These past few days mark a turning point in Ed Miliband's career as Leader of the Opposition.
Where once he was "red Ed" or "odd Ed", or the man who stabbed his own brother in the back, now he's the voice of the people.
And this is important. When Princess Diana died, Tony Blair spoke for the nation as he paid tribute to "The People's Princess".
He did it again in the days following September 11 - and whatever happened since, we loved him for it at the time.
But today, when the nation is once again shocked and angry, the Prime Minister is unable to articulate the concern that many people feel.
He's done his best, describing phone hacking last week as "simply disgusting". But his efforts were undermined by his refusal to accept that employing former News of the World editor Andy Coulson was a mistake - and by his statement that he still considers Mr Coulson a friend.
In a sense, there's nothing else Mr Cameron could say. Admitting he was wrong to appoint Mr Coulson as his Director of Communications would mean admitting to a major error of judgment.
And perhaps that's why the Prime Minister was missing in action this week - giving a speech about the Big Society away from Westminster at the same time as his Culture Secretary, Jeremy Hunt, was making a statement about BskyB to baying Labour MPs in the House of Commons.
Mr Miliband, by contrast, was there to respond for the Labour Party, his very presence highlighting the Prime Minister's weakness.
The Labour leader has been ruthless in placing the Government on the spot. Where Ministers have hesitated, he has demanded a public inquiry or two, a delay in the sale of BSkyB and an investigation into the proposed sale by the Competition Commission.
And he's got what he wanted. One way or another, Ministers have been forced to accept his demands.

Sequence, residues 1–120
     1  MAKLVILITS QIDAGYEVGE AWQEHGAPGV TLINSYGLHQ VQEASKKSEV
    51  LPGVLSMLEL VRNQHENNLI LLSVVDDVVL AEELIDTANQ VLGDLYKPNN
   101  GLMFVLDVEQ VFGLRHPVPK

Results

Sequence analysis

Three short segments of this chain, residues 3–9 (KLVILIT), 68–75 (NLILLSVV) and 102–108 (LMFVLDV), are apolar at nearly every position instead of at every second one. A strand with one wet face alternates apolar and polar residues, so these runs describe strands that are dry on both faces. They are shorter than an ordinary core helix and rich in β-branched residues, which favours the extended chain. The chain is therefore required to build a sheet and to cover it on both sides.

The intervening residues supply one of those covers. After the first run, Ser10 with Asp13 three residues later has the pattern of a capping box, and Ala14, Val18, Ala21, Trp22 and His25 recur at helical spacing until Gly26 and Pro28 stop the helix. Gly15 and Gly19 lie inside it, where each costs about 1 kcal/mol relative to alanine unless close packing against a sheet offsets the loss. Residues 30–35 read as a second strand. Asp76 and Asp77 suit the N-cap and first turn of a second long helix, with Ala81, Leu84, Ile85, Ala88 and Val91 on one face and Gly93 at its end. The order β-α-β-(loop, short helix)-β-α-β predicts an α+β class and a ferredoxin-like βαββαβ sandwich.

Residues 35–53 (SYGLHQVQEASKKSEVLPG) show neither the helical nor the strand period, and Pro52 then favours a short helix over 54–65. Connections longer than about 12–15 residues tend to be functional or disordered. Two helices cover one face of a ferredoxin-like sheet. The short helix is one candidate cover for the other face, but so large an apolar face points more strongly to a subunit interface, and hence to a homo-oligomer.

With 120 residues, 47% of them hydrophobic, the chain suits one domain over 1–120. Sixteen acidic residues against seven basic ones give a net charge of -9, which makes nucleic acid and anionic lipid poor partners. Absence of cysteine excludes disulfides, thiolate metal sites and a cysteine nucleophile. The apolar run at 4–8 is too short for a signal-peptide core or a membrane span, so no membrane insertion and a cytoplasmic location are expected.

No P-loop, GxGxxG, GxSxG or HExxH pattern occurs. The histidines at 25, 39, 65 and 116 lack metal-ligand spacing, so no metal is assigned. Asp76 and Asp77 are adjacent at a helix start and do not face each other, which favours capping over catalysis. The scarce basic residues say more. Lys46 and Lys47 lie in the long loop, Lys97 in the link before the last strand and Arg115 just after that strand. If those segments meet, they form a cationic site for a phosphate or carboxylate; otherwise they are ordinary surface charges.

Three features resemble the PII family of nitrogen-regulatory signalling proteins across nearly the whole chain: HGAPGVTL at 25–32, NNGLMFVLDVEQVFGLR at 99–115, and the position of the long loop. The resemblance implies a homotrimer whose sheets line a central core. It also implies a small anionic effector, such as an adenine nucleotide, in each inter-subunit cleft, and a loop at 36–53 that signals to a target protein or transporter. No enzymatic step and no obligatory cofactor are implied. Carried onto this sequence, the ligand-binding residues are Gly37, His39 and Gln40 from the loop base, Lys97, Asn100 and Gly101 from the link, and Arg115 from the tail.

Labour has its own history with the Murdoch empire.
On March 11 2003, Rebekah Brooks, News International Chief Executive and then the editor of The Sun, told the Commons Culture, Media and Sport Committee: "We have paid the police for information in the past."
That didn't do anything to dent what, at the time, was a cosy relationship between Labour and News International. Tony Blair and Gordon Brown both attended her wedding six years later.
But Mr Miliband has pre-empted these criticism to an extent by facing up to them. In a speech on July 8, he said: "For too long, political leaders have been too concerned about what people in the press would think and too fearful of speaking out about these issues."
He admitted: "We must all bear responsibility for that. My party has not been immune from it."
And in any case, voters may decide that what they care about most is who is going to do better in the future - not who made mistakes in the past.
Events of the past week don't mean Ed Miliband is suddenly a sure thing to win the next election. But they have given him an authority he previously lacked. It is he, not David Cameron, who looks like a leader today.
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